The Zika Virus: Why you won’t see any members of Congress vacationing in Florida
The mosquito is often jokingly called, Florida’s state bird, but right now there is nothing funny about mosquitoes and their impact on our citizens. Mosquitoes throughout Florida are being blamed for the transmission of the Zika virus. The Zika virus is normally transmitted through the bite of an infected mosquito, but it can also be spread by having sex with an infected person and can be transmitted from mother to unborn child. There is no vaccine and there is no specific treatment. In unborn children, the Zika virus can cause a serious birth defect called microcephaly, as well as other brain defects. Researchers are also considering a connection between Guillian-Barre syndrome (GBS and the Zika virus).
As of August 16. 2016 there are 542 cases of the Zika virus in Florida. Most cases are travel-related, but over 30 are locally transmitted. While the bulk of the cases are in South Florida, particularly the Miami area, there are travel-related cases in Marion, Pasco, Hernando, Hillsborough, Polk and other counties throughout Florida.
This a very serious issue and unfortunately, it is being used as a political football. Florida Gov. Rick Scott, is asking for federal dollars to help the state pay for prevention, which includes mosquito control and education. That is a good first step, but keep in mind that during his first year in office he was responsible for cutting the state-funded mosquito control budget in half and other cuts forced the closing of one of the two mosquito research labs in Florida.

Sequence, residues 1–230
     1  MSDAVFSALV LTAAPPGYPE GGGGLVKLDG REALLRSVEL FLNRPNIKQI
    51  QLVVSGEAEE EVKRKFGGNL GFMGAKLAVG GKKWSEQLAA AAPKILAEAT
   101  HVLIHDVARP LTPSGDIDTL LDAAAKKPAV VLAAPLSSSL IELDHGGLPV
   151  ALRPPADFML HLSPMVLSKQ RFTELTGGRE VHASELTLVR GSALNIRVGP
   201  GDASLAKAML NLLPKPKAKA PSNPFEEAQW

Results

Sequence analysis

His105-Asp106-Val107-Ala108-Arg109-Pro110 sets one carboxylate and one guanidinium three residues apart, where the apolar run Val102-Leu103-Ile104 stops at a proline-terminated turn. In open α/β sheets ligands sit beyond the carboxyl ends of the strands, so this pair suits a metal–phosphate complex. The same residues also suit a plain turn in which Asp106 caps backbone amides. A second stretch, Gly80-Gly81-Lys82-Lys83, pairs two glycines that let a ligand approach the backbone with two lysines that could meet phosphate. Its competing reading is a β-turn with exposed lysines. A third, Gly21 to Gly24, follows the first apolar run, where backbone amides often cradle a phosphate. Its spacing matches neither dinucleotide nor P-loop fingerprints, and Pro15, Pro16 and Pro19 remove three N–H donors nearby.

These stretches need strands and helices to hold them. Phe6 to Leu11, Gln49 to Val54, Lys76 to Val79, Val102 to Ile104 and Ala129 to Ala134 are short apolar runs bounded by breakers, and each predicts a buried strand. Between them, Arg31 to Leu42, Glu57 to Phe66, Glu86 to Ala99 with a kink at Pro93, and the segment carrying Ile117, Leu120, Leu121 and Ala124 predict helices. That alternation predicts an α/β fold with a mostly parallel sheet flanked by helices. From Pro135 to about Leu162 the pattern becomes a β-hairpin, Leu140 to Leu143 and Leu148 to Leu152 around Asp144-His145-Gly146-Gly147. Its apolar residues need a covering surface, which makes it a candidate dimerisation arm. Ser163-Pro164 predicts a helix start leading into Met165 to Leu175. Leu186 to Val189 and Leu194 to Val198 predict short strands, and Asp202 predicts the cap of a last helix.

Gov. Scott contacted the Obama administration and requested help, which he was promised and still has not received. Instead of Congress approving a clean bill that would insure funding to fight the Zika virus, they added things like a $540m cut in Obamacare. So the bill just sits there while Congress is on vacation and more people are infected and the Zika virus continues to spread.
Back to Scott. As you probably know, Gov. Scott rejected the Medicaid expansion that was offered to states that accepted Obamacare and that decision along with cuts that were made affecting Florida’s health services have impacted the state’s ability to respond to the crisis. Clinics are understaffed and overwhelmed.
This is not how government is supposed to work. We should be able to respond rapidly to a health crisis that could be devastating to the people of our nation, health care services should accessible and readily available to diagnose and treat infected individuals and prevention and control services must be funded and implemented as fast as possible. This is not a failure of just Democrats, just Republicans, the Congress or Governor Scott alone. They all own this failure.
With recent catastrophic flooding in Louisiana the situation has become even more dire. We cannot wait any longer.